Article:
Poll

Are you interested in seeing more handheld meters tested?

This testing is pointless! Please STOP damaging these meters!
3 (6.4%)
 Yes, I would like to more meters tested.
44 (93.6%)

Total Members Voted: 47

Author Topic: Handheld meter robustness testing  (Read 648358 times)

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Offline Fungus

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Re: Handheld meter electrical robustness testing.
« Reply #1700 on: July 05, 2017, 12:08:02 pm »
And above you say the 87V died at 1.5kV, but that's not on your spreadsheet?

Note that there's two Fluke 87s on the spreadsheet.
 

Online floobydust

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Re: Handheld meter electrical robustness testing.
« Reply #1701 on: July 05, 2017, 08:23:56 pm »
joeqsmith, I'm curious about what kind of capacitance/series resistance is behind your transient generator?

I have used Teseq surge generators but man are they a fortune; over $26K USD plus CDN and yearly calibration was few more grand. Just super expensive, so I can see no companies spending this much on equipment for a single test.
I use lower (i.e. 12ohm vs 2ohm 61000-4-5) series resistance until I know the design has a chance.



 

Offline joeqsmith

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Re: Handheld meter electrical robustness testing.
« Reply #1702 on: July 06, 2017, 10:31:42 pm »
joeqsmith, I'm curious about what kind of capacitance/series resistance is behind your transient generator?

I have used Teseq surge generators but man are they a fortune; over $26K USD plus CDN and yearly calibration was few more grand. Just super expensive, so I can see no companies spending this much on equipment for a single test.
I use lower (i.e. 12ohm vs 2ohm 61000-4-5) series resistance until I know the design has a chance.

Sounds like you are confusing my tests with the IEC standards.  I recommend you read the FAQ or first few pages of the thread.     
How electrically robust is your meter?? https://www.youtube.com/channel/UCsK99WXk9VhcghnAauTBsbg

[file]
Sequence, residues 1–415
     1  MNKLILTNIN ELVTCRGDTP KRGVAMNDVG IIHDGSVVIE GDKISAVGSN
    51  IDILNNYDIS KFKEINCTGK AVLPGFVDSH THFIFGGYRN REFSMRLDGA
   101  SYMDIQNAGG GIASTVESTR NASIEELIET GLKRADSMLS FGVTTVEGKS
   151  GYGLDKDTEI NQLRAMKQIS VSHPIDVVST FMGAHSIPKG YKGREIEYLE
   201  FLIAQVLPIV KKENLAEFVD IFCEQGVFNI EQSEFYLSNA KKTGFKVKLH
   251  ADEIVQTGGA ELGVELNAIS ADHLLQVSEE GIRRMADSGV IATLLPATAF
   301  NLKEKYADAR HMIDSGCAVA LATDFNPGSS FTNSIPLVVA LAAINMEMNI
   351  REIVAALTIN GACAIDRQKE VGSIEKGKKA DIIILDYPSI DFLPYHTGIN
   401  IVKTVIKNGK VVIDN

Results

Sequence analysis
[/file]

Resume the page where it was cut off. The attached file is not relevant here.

Offline joeqsmith

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Re: Handheld meter electrical robustness testing.
« Reply #1703 on: July 06, 2017, 10:34:40 pm »
And above you say the 87V died at 1.5kV, but that's not on your spreadsheet?

Note that there's two Fluke 87s on the spreadsheet.

I've thought about putting the first round of testing on a separate page.  I can see how Dave and others could be confused.  Personally I like having it all on one page.
« Last Edit: July 07, 2017, 02:27:14 am by joeqsmith »
How electrically robust is your meter?? https://www.youtube.com/channel/UCsK99WXk9VhcghnAauTBsbg
 

Online floobydust

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Re: Handheld meter electrical robustness testing.
« Reply #1704 on: July 07, 2017, 07:24:40 am »
Sounds like you are confusing my tests with the IEC standards.  I recommend you read the FAQ or first few pages of the thread.   

I read the first 500 or so posts, over 20 pages and did not get to your latest build of the transient generator. Did not find the FAQ.
Are you ok to share ballpark rise-times and what you use as a switch element for the HV.
Like to compare with how much energy for a multimeter to jump up like some do in the videos.
 

Offline joeqsmith

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Re: Handheld meter electrical robustness testing.